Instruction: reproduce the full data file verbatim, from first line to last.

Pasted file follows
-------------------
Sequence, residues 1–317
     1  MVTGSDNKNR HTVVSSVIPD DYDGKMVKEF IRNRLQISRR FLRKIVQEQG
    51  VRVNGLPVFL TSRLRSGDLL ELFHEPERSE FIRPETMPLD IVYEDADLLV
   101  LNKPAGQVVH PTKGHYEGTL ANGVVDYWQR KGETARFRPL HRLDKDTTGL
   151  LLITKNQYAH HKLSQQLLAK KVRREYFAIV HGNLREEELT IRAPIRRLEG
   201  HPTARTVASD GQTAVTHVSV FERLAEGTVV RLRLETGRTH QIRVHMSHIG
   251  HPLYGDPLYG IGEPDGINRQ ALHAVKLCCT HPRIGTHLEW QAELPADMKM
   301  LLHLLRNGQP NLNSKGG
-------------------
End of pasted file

Sequence, residues 1–317
     1  MVTGSDNKNR HTVVSSVIPD DYDGKMVKEF IRNRLQISRR FLRKIVQEQG
    51  VRVNGLPVFL TSRLRSGDLL ELFHEPERSE FIRPETMPLD IVYEDADLLV
   101  LNKPAGQVVH PTKGHYEGTL ANGVVDYWQR KGETARFRPL HRLDKDTTGL
   151  LLITKNQYAH HKLSQQLLAK KVRREYFAIV HGNLREEELT IRAPIRRLEG
   201  HPTARTVASD GQTAVTHVSV FERLAEGTVV RLRLETGRTH QIRVHMSHIG
   251  HPLYGDPLYG IGEPDGINRQ ALHAVKLCCT HPRIGTHLEW QAELPADMKM
   301  LLHLLRNGQP NLNSKGG